The Chargers — remember them? — are teed up and ready to start another season on Sunday against the visiting Indianapolis Colts. What it will bring should be interesting as they begin Year 3 of replacing San Diego with Los Angeles in front of their name.
Writing about the one-time locals always brings elicits a mixed reaction and we get it.
Some readers still track the NFL squad they grew up on, especially with quarterback Philip Rivers still living amongst us.
If rising early enough, one can catch Rivers commuting from Rancho Santa Fe and through North County en route to the team’s facility in Orange County or to a game in Carson.
While the accessible and agreeable Rivers is always easy to root for, some readers could give a flip about the Chargers. Once they fled north past the county line, that was a line in the sand some fans couldn’t cross.
Although some of those former patrons still follow the Bolts, if only to root against them.
So, with that here’s the preview of the one-time Los Angeles, then-San Diego, back-to-Los Angeles Chargers of Carson and isn’t that a mouthful.
In any language and in any locale, the Chargers are loaded on both sides of the ball. But then again, the cup is also to the brim with question marks in the aftermath of a 12-4 season, one in which they notched their most wins since 2009 and scored a road playoff victory.
Rivers’ right arm continues to produce as he stiff-arms Father Time. In 10 of the past 11 seasons he has eclipsed 4,000 yards passing. His accuracy was keen as ever last year in heaving 32 touchdowns against only 12 interceptions.
With targets such as Pro Bowl wide receiver Keenan Allen, who’s coming off consecutive 1,000-yard seasons, and the rangy Mike Williams, who had 10 touchdown catches in 2018, there’s plenty of places for Rivers to aim his offerings.
Plus, tight end Hunter Henry is back, although future Hall of Famer Antonio Gates isn’t, to complement those stretching the field.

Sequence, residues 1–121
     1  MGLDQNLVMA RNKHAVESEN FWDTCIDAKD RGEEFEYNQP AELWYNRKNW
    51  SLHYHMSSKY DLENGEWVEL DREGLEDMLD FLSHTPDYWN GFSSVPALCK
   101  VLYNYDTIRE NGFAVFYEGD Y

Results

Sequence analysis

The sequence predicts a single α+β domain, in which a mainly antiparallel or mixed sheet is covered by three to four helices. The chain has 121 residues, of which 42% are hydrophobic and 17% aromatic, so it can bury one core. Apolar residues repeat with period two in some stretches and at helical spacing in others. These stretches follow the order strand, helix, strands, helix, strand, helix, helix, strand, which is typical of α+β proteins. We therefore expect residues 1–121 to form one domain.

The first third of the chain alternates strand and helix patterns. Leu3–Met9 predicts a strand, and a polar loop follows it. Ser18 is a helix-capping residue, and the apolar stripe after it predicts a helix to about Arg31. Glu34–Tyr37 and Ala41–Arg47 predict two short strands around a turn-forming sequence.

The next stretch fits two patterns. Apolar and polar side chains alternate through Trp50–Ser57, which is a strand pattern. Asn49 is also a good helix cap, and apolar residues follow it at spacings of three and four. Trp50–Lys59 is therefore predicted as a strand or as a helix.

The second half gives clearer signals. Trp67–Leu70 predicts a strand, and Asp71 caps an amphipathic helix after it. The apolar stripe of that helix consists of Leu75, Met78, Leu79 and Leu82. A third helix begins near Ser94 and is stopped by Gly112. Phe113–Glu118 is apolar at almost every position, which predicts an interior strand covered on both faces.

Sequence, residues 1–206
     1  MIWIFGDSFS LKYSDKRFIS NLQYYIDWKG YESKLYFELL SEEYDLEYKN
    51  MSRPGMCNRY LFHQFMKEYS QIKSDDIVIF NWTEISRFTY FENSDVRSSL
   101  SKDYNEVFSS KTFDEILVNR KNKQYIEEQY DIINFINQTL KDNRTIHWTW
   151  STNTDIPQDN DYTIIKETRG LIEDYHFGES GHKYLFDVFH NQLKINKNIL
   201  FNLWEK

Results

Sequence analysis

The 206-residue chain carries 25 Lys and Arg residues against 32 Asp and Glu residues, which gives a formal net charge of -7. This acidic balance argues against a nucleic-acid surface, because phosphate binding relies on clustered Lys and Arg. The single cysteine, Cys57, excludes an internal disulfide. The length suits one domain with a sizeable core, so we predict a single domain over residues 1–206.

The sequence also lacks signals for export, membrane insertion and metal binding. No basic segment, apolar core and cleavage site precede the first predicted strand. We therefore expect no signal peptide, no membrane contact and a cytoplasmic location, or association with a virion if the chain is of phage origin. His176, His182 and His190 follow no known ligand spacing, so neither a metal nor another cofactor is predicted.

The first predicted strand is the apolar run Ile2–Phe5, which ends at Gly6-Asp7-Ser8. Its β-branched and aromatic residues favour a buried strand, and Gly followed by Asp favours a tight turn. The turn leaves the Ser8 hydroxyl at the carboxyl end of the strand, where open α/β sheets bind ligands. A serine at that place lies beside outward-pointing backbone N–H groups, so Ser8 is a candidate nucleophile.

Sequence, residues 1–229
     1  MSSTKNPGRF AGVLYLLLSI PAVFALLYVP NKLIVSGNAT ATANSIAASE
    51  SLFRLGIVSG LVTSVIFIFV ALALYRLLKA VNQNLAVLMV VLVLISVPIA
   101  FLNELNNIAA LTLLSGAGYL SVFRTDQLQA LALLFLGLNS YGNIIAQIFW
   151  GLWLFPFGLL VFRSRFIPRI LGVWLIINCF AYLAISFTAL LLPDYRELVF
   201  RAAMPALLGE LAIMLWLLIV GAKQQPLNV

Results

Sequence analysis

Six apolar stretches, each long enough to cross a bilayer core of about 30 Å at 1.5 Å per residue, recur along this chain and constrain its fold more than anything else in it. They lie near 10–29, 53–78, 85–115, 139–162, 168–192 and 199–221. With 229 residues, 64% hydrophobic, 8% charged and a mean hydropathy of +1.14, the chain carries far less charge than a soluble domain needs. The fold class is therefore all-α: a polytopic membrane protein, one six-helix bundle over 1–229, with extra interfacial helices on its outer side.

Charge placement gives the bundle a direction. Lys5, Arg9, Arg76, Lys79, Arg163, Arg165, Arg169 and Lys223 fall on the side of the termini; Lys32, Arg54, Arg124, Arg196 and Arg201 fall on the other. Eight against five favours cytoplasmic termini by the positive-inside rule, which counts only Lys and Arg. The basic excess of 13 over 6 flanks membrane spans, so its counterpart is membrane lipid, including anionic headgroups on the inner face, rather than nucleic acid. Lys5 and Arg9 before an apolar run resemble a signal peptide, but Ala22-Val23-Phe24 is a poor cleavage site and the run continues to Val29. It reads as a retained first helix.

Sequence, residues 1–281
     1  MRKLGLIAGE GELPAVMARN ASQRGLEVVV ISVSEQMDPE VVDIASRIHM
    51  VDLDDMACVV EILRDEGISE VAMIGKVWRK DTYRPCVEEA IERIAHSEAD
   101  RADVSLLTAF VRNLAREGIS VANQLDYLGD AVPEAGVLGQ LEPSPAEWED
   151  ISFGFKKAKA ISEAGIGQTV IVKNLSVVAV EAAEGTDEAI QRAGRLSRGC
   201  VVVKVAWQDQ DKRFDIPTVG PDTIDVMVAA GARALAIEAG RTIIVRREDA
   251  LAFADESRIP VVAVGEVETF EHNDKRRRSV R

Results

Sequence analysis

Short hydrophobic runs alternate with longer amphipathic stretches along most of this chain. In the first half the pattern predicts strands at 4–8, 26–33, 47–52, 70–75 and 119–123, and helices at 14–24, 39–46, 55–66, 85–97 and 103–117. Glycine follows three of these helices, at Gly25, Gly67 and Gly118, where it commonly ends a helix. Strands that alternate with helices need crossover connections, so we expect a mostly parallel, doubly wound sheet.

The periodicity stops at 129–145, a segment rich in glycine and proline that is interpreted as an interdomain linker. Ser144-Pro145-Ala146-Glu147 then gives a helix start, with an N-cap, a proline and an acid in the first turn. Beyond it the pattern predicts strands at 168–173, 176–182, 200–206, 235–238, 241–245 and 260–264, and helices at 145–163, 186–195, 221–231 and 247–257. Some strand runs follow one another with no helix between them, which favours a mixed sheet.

Ends Joey Bosa and Melvin Ingram are the 1-2 punch on defense, attacking rival quarterbacks with A vengeance. Bosa missed nine games last season with a foot injury, but he’s fit this year. That bodes well for Ingram, who’s nearly as good and reaps the benefits of opposing blocking schemes focusing on Bosa.
Fortunately, both sides of the ball have impact players. Unfortunately, both sides of the ball have holes that have some questioning how good the Chargers can be.
Running back Melvin Gordon skipped the preseason and training camp in a contract dispute. He wants his deal extended to compensate him at around $12 million to $13 million a year. The Bolts countered with about $10 million, an offer they yanked off the table on Sunday.
If Gordon wants to go, he’ll earn $5.6 million — take it or leave it. The thinking here is he takes it at some point.
Maybe a bigger issue is the health of Pro Bowl left tackle Russell Okung. He was stuck with a pulmonary embolism in June, which caused blood clots that has since had him sidelined. Okung, who protects Rivers’ blind side, will miss at least six weeks and possibly the season.
For Rivers those are two big obstacles for him to overcome. He’ll turn 38 in December and he has never been fleet of foot. Without a proven running attack and a sturdy left tackle to compensate for his age and lack of mobility, well, that’s not good.
On defense All-Pro safety Derwin James is on the shelf. He was the first rookie in franchise history to record 100 tackles last season, the versatile first-round pick lining up in various spots in coordinator Gus Bradley’s defense.
But a broken foot will keep him out until late November. That’s a huge blow and one the Chargers will be hard-pressed to cover-up.
Up, down or in the middle of the AFC West is where the Chargers will eventually settle. The next four months, if anyone is interested, will tell the tale of the team that high-tailed it out of San Diego.
Contact Jay Paris at email@example.com. Follow him at jparis_sports
Sportswriter Jay Paris has written his “Sports Talk” column since joining the Coast News in 2013.
Paris, a Cardiff resident, is a longtime Southern California writer, getting his start with the Orange County Register before coming to San Diego in 1992 to cover the Chargers.
He had the Chargers beat for more than two decades with Oceanside Blade-Citizen, the North County Times and the San Diego Union-Tribune, before being named a sports columnist with the San Diego Union-Tribune.
Paris has won numerous awards voted on by his peers in the Pro Football Writers of America. He has also been a staple on countless media platforms, everything from the KPBS to MLB Network and various radio outlets.
Paris is also the author of three books, with his latest one being, “Shohei Ohtani: The Amazing Story Of Baseball’s Two-Way Japanese Superstar.” He has also written “Game Of My Life Chargers” and “Game Of My Life Rams.”
He currently covers the NFL in Los Angeles for Forbes. com and is a contributor to USA Today Sports Weekly. Follow Jay on Twitter @jparis_sports